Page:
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Stephen King helps kids publish pandemic-inspired book

February 8, 2021 GMT
FILE - In this Tuesday, May 22, 2018, file photo, PEN literary service award recipient Stephen King attends the 2018 PEN Literary Gala in New York. Readers may know him best for “Carrie,” “The Shining” and other bestsellers commonly identified as “horror,” but King has long had an affinity for other kinds of narratives, from science fiction and prison drama to the Boston Red Sox.  (Photo by Evan Agostini/Invision/AP, File)
FILE - In this Tuesday, May 22, 2018, file photo, PEN literary service award recipient Stephen King attends the 2018 PEN Literary Gala in New York. Readers may know him best for “Carrie,” “The Shining” and other bestsellers commonly identified as “horror,” but King has long had an affinity for other kinds of narratives, from science fiction and prison drama to the Boston Red Sox.  (Photo by Evan Agostini/Invision/AP, File)
FILE - In this Tuesday, May 22, 2018, file photo, PEN literary service award recipient Stephen King attends the 2018 PEN Literary Gala in New York. Readers may know him best for “Carrie,” “The Shining” and other bestsellers commonly identified as “horror,” but King has long had an affinity for other kinds of narratives, from science fiction and prison drama to the Boston Red Sox.  (Photo by Evan Agostini/Invision/AP, File)
FILE - In this Tuesday, May 22, 2018, file photo, PEN literary service award recipient Stephen King attends the 2018 PEN Literary Gala in New York. Readers may know him best for “Carrie,” “The Shining” and other bestsellers commonly identified as “horror,” but King has long had an affinity for other kinds of narratives, from science fiction and prison drama to the Boston Red Sox. (Photo by Evan Agostini/Invision/AP, File)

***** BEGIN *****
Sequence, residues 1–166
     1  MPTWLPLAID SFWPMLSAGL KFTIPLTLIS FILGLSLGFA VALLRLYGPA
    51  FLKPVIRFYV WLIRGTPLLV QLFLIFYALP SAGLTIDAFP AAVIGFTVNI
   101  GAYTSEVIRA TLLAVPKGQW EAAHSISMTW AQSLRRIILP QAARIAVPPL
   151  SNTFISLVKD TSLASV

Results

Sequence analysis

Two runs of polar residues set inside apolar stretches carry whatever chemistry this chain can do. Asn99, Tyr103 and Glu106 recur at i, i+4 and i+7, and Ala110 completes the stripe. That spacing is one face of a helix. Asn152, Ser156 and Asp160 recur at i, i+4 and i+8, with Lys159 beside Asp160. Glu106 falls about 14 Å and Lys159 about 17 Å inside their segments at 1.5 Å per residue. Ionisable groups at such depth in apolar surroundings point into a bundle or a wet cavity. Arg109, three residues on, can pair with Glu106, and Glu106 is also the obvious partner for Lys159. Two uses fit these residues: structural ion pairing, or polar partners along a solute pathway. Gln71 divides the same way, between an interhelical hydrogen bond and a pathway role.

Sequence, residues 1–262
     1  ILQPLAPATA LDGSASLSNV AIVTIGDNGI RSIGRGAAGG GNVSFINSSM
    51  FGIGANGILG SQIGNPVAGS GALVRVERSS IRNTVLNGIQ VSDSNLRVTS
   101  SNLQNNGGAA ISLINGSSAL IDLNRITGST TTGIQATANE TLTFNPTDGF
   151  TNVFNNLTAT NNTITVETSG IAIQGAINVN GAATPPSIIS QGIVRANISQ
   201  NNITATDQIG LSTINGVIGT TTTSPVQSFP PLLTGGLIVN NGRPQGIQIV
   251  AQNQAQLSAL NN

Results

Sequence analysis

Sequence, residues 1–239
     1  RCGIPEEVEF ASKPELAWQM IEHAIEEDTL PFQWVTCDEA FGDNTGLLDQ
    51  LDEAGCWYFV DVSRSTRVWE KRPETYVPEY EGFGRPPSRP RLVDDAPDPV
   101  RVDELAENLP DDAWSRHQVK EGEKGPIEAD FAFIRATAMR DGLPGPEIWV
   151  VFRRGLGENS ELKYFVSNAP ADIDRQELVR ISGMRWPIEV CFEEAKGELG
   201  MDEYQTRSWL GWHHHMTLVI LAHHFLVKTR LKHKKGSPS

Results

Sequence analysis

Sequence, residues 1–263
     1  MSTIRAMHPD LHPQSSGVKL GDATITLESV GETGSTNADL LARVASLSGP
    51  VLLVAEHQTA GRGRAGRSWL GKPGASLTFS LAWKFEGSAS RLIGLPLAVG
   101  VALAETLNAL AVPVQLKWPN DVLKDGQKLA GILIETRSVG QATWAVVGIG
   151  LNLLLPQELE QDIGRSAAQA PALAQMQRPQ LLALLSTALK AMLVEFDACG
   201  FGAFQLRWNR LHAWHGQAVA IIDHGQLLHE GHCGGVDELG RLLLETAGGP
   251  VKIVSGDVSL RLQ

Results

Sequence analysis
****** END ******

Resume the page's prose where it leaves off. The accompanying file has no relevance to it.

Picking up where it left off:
FILE - In this Tuesday, May 22, 2018, file photo, PEN literary service award recipient Stephen King attends the 2018 PEN Literary Gala in New York. Readers may know him best for “Carrie,” “The Shining” and other bestsellers commonly identified as “horror,” but King has long had an affinity for other kinds of narratives, from science fiction and prison drama to the Boston Red Sox. (Photo by Evan Agostini/Invision/AP, File)

LEWISTON, Maine (AP) — A group of budding young writers is about to publish a book with some help from Maine’s most famous writer.

Stephen King’s foundation covered the $6,500 cost of publishing a 290-page manuscript by students participating in Farwell Elementary School’s Author Studies Program.

The students started with “Fletcher McKenzie and the Passage to Whole,” a story about a Maine boy by Gary Savage, and then reworked it to reflect their experiences during the pandemic.

Farwell Principal Amanda Winslow said she is proud of the students for their accomplishment and thankful for the dedication of Savage, who advised the students, and librarian Kathy Martin.

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A number of local groups also sent donations that will be used for the Author Studies program.